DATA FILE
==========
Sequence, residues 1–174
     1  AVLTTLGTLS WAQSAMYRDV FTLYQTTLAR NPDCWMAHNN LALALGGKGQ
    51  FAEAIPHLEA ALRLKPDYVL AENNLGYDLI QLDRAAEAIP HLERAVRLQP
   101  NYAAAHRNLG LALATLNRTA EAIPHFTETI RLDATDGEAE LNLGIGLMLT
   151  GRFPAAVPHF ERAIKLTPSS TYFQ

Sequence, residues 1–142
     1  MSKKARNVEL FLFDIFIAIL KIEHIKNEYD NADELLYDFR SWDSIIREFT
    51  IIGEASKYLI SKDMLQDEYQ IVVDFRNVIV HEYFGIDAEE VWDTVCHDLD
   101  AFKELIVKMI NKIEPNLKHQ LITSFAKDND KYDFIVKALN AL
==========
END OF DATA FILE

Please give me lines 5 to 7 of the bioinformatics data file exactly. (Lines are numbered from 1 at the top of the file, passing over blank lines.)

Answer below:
   151  GRFPAAVPHF ERAIKLTPSS TYFQ

Sequence, residues 1–142
     1  MSKKARNVEL FLFDIFIAIL KIEHIKNEYD NADELLYDFR SWDSIIREFT